(Adds analyst’s comment, background; updates share movement)
BANGALORE, March 5 (Reuters) - Wells Fargo & Co (WFC.N) does not need to cut its dividend from an operating standpoint, veteran analyst Richard Bove said, but added that the real problem was loan losses.
Wells Fargo shares fell 16 percent to $8.07 in afternoon trade on the New York Stock Exchange.
The market has already assumed that the bank will cut its dividend, the Rochdale Securities analyst told Reuters by phone.
“I can’t tell you for certain that the dividend is not going to be cut, all I can tell you is that if one looks at the operating business of the bank then one has got to come away with the thought that the dividend doesn’t have to be cut,” Bove said.
Many analysts expect Wells Fargo to cut its $1.36 per share annual payout, which is higher than the company’s expected earnings for 2009.
Wells Fargo remains the largest traditional U.S. commercial bank not to have lowered its dividend during the credit crisis.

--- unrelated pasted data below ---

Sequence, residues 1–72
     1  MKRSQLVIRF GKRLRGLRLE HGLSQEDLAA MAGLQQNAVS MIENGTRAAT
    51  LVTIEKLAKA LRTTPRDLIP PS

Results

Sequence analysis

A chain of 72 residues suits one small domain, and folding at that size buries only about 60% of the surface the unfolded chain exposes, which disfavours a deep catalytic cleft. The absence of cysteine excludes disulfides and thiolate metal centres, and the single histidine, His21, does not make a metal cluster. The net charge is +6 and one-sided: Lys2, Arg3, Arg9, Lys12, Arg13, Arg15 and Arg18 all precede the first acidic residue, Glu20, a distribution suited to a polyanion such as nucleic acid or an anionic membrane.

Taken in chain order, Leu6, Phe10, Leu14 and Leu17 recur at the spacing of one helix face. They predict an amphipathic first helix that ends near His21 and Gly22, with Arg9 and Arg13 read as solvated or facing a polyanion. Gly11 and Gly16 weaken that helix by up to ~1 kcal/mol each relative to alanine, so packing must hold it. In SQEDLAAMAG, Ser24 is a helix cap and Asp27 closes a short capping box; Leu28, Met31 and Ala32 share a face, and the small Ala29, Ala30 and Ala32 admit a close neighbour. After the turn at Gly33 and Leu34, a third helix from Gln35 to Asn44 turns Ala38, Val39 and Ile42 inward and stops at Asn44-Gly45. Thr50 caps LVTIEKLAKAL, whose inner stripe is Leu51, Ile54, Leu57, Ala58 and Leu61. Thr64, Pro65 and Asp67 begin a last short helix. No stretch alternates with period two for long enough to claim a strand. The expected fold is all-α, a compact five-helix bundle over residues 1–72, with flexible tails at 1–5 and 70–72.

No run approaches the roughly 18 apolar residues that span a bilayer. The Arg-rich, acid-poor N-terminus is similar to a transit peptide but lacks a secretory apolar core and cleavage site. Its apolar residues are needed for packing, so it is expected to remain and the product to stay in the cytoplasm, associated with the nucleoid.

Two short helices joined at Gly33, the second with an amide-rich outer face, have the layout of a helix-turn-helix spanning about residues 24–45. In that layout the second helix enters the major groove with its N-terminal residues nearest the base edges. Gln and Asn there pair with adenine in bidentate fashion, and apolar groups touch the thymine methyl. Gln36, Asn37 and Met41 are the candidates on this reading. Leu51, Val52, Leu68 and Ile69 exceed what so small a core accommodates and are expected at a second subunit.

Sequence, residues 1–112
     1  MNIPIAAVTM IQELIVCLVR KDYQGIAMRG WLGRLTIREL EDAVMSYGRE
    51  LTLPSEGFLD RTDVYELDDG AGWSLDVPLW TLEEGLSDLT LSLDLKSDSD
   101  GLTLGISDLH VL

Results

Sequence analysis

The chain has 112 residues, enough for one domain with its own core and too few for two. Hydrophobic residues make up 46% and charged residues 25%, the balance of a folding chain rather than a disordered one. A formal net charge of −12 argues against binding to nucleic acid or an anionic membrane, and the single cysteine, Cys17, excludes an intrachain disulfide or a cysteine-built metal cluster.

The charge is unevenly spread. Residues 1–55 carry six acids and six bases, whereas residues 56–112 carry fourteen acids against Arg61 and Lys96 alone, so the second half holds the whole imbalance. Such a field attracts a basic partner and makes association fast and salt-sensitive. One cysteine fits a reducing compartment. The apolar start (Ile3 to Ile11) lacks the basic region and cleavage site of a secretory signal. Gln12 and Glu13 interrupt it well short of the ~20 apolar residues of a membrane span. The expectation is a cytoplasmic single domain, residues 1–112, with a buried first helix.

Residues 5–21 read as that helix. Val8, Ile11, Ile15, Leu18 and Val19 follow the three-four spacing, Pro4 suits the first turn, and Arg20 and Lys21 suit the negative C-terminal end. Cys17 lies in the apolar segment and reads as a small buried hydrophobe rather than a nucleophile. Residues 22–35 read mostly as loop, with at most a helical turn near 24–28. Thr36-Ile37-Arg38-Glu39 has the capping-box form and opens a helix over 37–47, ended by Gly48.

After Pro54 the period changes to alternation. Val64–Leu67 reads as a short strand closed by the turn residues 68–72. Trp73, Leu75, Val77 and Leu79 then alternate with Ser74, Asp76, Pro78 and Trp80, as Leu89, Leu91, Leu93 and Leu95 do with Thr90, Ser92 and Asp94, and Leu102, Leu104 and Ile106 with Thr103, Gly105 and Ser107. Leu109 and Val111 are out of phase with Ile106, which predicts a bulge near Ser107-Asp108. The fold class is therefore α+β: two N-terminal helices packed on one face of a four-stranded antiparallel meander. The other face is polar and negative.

“You’ve got two issues. Is the bank healthy enough to pay the dividend? I think the answer to that is yes. Is the bank likely to be pressured into reducing its dividend? The answer to that is I don’t know,” Bove said, noting that the U.S. government had forced a number of banks to reduce their quarterly dividend to 1 cent per share.
“Wells Fargo is going through a Citi-like situation wherein the company takes actions dictated by the market rather than those necessary,” Bove said.
Wells Fargo’s dividend payout has been the subject of much speculation as financial institutions have slashed dividends to preserve capital.
Dozens of U.S. lenders, including Bank of America Corp (BAC.N), JPMorgan Chase & Co (JPM.N), Citigroup Inc (C.N) and U.S. Bancorp (USB.N), have reduced or eliminated dividends to preserve capital for covering rising credit losses.
Analyst Bove said he expects loan loss provisions at the bank to stay “very very high,” adding that the real problem was the bank’s loan losses.
“The issue is will this bank have so many loan losses that it doesn’t matter what is occuring in the core business,” Bove said.
Moody’s late on Wednesday said it may cut its ratings on Wells Fargo, warning that losses from assets it took on from its acquisition of Wachovia will hurt its capital ratios.
Bove, however, said the core elements of the company’s business is getting better, not worse.
“The company is increasing its deposits, it has increased its market share in every major loan market. It’s net interest margin is improving,” he said. (Reporting by Tenzin Pema in Bangalore, Editing by Dinesh Nair)